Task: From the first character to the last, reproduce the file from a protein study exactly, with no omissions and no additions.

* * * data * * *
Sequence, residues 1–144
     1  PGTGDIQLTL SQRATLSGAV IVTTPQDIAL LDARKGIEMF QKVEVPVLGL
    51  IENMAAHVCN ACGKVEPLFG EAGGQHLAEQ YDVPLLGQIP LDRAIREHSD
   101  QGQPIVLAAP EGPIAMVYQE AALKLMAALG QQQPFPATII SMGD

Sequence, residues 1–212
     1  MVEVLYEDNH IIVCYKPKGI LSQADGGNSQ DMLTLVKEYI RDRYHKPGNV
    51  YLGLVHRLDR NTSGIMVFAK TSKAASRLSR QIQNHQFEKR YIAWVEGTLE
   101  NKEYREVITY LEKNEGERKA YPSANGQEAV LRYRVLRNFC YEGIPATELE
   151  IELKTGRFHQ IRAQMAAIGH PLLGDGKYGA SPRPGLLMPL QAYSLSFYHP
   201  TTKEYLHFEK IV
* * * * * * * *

Sequence, residues 1–144
     1  PGTGDIQLTL SQRATLSGAV IVTTPQDIAL LDARKGIEMF QKVEVPVLGL
    51  IENMAAHVCN ACGKVEPLFG EAGGQHLAEQ YDVPLLGQIP LDRAIREHSD
   101  QGQPIVLAAP EGPIAMVYQE AALKLMAALG QQQPFPATII SMGD

Sequence, residues 1–212
     1  MVEVLYEDNH IIVCYKPKGI LSQADGGNSQ DMLTLVKEYI RDRYHKPGNV
    51  YLGLVHRLDR NTSGIMVFAK TSKAASRLSR QIQNHQFEKR YIAWVEGTLE
   101  NKEYREVITY LEKNEGERKA YPSANGQEAV LRYRVLRNFC YEGIPATELE
   151  IELKTGRFHQ IRAQMAAIGH PLLGDGKYGA SPRPGLLMPL QAYSLSFYHP
   201  TTKEYLHFEK IV